81x5(1): 18 U.S.C. § 207's Prohibition on Communication

PDF Link to PDF 

Office of Government Ethics
81 x 5(1)
 

Letter to a Designated Agency Ethics
Official dated February 17, 1981
 

On January 14, 1981, you wrote to this Office requesting our interpretation of the application of the post-employment provisions of 18 U.S.C. 207 to certain contemplated future activities of [an employee of your agency]. We then discussed the matter with you by phone on January 19, 1981, and now follow up that discussion with written confirmation of our position.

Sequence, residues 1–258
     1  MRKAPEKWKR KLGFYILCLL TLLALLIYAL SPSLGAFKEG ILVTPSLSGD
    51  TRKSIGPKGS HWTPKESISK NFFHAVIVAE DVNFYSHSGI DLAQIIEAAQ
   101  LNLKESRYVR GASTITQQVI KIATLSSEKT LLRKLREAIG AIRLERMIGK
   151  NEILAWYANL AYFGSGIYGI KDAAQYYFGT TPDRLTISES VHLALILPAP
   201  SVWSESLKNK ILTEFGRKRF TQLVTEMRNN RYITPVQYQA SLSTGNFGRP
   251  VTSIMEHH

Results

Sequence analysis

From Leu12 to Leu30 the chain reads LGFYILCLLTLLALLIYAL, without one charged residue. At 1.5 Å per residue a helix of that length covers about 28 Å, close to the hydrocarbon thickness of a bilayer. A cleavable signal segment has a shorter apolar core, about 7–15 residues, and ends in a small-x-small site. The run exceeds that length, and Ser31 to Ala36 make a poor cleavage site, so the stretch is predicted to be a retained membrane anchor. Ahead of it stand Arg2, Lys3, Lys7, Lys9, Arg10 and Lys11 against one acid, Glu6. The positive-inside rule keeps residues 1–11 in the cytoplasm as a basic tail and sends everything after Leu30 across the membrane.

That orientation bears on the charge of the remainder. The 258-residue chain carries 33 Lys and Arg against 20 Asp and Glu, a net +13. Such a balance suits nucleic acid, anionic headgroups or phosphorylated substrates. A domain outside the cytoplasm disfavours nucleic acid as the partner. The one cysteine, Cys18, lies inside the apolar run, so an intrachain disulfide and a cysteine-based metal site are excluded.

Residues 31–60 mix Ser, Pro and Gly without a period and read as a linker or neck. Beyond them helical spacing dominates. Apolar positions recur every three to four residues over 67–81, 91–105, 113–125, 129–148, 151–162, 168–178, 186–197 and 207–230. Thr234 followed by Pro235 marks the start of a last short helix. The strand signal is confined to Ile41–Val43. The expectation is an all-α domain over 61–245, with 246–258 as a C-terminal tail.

[The employee] had indicated his intent to leave Federal service on January 20, 1981, and become employed by a non-profit organization where he would work on environmental matters. Specifically, he had requested advice as to the restrictions which might apply to his representing his new employer with respect to legislative proposals dealing with the Clean Air Act. He wished to know generally the extent to which a former Senior Employee must, under section 207(c), screen the members of his audience to determine if an employee of his former agency was present before making a statement on behalf of his new employer to, for example, another agency, the Executive Office of the President, a conference, or a newspaper.